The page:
Greg Meakin: The public benefit team was polite, helpful - and learning as it went along

The headmaster of Moyles Court School describes his experience under the regulator's scrutiny

Greg Meakin, headmaster, Moyles Court School
Greg Meakin, headmaster, Moyles Court School

I was barely five weeks into the job as headmaster of Moyles Court School when I received an email from the Charity Commission informing me that Manor House Trust, which runs the school, had been selected for the first round of public benefit assessment. Manor House Trust volunteered to be part of the first round of assessments.
 
Moyles Court School is a small, non-selective school with a strong, family oriented ethos and firm commitment to community and charitable aims, and I am not at all surprised that we passed the public benefit assessment.

At the same time, I am pretty sure that the two that failed - Highfield Priory and St Anselm's School - share many of these aims. So why did these schools not pass?
 
The members of the assessment team freely admitted to me that they were learning how to assess for public benefit as they went along, in the context of how independent schools operate. The Charity Commission worked with me openly and with candour. Their assessment was not - to quote Nick Mott, the commission's head of public benefit review and reporting - "forensic".

They were helpful. They offered me the use of their press office right from the outset and have been in contact when journalists came sniffing at their doors with warnings that the press could and would be coming my way. I asked for an extended deadline for submitting the school's public benefit report, due to the timing of the half-term break in autumn 2008, and they agreed without hesitation. I told them I would be addressing an Independent Schools Association conference about the public benefit reporting process, and they offered me resources to help.

After we made our submission, senior public benefit officer Louise Drew and her team, plus a legal representative, came to visit to pose more than two hours of follow-up questions. It was not the most convenient time, because it was the last week of term in December, and I did let them know I would be popping out halfway to join in the junior Christmas lunch.

They did not mind at all. In fact, I know it helped them to realise what a head's priorities are and should be. It also gave them a chance to look around with a guide and realise that we are not a well-heeled, elitist examinations factory but a small community school doing our best for local families.

But some of the suggestions from the Charity Commission regarding financial assistance are less helpful.

The notion of schools increasing fees in order to to offer a higher percentage of their income as awards to those who would not be able to afford them is bizarre. Surely raising fees excludes more people at the threshold of the affordability spectrum, creating a greater pool of people who cannot afford private school fees.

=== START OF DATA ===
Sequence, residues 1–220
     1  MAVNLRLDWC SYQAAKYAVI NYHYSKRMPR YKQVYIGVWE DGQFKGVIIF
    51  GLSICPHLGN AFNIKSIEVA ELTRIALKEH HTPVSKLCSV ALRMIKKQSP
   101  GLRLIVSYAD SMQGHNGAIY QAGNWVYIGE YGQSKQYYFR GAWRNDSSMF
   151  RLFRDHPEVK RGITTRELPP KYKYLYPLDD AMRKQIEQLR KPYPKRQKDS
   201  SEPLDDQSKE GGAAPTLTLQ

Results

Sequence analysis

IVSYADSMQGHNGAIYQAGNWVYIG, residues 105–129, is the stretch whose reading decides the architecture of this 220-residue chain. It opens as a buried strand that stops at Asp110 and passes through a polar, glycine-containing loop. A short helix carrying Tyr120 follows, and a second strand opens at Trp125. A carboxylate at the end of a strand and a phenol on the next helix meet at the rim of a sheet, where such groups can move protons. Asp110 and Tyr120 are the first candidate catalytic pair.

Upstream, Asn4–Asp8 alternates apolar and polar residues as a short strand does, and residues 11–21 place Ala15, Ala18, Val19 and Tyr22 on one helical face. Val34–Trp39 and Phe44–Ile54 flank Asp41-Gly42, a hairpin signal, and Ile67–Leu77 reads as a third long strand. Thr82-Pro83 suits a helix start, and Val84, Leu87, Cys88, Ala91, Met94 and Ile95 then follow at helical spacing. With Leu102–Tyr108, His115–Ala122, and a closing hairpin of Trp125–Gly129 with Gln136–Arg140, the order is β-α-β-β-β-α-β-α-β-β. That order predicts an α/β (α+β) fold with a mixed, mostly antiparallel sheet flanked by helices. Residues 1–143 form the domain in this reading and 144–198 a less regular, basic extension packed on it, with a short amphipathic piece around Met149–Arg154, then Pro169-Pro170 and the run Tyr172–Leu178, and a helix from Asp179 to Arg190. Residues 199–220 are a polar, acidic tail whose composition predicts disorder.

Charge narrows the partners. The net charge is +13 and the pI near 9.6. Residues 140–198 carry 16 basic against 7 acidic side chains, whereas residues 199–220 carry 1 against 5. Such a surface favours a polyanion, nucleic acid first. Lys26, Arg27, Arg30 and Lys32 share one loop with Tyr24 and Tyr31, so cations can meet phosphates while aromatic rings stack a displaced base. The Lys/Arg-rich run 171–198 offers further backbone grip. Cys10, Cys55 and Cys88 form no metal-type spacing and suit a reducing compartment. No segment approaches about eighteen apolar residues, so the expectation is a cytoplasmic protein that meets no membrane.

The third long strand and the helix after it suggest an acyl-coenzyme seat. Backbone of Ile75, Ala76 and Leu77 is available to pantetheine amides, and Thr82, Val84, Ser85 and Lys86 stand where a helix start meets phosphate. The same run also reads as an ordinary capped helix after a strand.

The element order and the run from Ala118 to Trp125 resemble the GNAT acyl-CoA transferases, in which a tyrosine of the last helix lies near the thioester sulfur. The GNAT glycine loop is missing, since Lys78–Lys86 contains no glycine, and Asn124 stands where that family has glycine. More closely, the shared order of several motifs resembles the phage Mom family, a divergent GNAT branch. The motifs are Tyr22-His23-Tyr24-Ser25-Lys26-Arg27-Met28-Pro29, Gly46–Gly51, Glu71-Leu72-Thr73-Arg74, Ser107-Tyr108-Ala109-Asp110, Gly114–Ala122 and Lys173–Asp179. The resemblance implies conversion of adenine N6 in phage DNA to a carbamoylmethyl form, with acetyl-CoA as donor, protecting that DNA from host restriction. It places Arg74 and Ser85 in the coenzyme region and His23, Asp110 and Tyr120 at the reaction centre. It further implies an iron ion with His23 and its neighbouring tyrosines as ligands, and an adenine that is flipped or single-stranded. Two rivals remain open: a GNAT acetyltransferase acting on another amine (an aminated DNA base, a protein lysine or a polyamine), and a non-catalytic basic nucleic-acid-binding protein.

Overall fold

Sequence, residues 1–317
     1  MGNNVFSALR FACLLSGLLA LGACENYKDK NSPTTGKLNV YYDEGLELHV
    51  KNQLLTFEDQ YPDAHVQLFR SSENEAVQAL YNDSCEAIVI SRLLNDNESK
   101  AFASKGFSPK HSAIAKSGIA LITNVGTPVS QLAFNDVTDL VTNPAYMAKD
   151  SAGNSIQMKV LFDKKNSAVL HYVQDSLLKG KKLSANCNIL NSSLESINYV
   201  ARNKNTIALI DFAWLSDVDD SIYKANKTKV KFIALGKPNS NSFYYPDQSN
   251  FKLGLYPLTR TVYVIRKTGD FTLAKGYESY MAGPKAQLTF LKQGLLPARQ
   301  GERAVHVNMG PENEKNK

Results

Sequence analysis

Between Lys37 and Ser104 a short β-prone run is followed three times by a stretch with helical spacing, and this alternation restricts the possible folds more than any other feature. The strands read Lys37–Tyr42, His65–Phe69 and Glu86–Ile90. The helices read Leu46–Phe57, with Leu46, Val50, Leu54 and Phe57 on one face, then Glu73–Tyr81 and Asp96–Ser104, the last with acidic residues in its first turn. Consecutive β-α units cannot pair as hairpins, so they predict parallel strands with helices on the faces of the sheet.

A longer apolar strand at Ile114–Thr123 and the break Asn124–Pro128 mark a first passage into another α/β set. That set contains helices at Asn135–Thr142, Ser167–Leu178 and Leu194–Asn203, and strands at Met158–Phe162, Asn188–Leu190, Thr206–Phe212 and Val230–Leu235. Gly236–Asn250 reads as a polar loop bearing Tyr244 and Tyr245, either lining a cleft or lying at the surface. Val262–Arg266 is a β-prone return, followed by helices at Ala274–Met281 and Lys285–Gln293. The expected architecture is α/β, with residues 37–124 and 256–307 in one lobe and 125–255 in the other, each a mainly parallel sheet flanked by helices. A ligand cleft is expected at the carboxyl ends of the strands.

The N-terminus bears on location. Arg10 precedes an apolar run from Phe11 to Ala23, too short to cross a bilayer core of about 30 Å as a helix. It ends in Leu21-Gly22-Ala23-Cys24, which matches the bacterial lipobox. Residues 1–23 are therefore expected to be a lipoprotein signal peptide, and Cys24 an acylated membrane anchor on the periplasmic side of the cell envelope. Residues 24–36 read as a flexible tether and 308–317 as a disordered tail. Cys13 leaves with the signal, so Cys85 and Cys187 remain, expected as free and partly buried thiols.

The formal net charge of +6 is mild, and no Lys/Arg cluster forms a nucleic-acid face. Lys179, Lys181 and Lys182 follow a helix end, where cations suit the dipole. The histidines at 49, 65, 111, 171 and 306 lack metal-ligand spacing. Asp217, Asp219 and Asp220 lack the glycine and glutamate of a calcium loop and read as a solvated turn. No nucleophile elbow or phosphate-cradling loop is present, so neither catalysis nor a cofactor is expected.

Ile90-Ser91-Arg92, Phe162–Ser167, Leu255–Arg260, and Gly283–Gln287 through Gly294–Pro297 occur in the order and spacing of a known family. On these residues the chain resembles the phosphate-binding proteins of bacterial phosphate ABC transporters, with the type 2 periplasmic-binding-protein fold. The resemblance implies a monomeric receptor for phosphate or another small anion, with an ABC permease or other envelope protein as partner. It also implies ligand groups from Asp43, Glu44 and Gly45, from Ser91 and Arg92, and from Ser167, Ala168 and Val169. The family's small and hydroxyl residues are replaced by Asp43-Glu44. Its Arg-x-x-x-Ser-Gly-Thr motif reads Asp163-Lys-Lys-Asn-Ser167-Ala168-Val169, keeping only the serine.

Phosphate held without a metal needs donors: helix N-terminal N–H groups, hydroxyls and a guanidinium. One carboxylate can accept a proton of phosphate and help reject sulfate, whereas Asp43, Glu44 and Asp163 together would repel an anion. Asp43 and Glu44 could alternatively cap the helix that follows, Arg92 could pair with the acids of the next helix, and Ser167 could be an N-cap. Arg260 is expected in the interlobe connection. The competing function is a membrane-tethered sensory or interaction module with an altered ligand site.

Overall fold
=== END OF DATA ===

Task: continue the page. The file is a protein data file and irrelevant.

Nick Mott says proportionality is the key to public benefit assessments. One would think this favours small establishments, yet the commission failed two of the five independent schools that it assessed.

Much larger institutions with valuable trust funds or other means of financial support behind them may well afford significant bursary and scholarship schemes. Moyles Court School, Highfield Priory and St Anselm's School do not have such luxuries. So why did the last two not pass? I am not sure that the Charity Commission has the definitive answer to that question - nor is it qualified to give it.

The workings of independent schools cannot be learned or understood by a team of non-specialists pressed to write the book on public benefit assessment as they go along - however talented or well-meaning. This is no attempted slur on the team: I found them intelligent, professional and genuinely sympathetic, but they were obviously and openly learning as they went along, and demonstrated naiveté and a simplistic view that I found to be both refreshing and disconcerting.

I have doubts about the validity of the commission's findings. The small independent schools I have been involved with work diligently and modestly, employing local people who work hard to further their cause, supporting families who work just as hard to send their children to places of educational and pastoral vision. 

In these times of uncertain standards, large class sizes in state schools and questionable quality outcomes, any judgement of such charitable institutions must be grounded in sure, expertly derived and proven measures, given the potential impact on them - and by extension - the sector as a whole.

I think the Charity Commission is in an impossible situation. Schools such as  Highfield Priory and St Anselm's School, and the families who support them, should not be disadvantaged by judgements made under such conditions.

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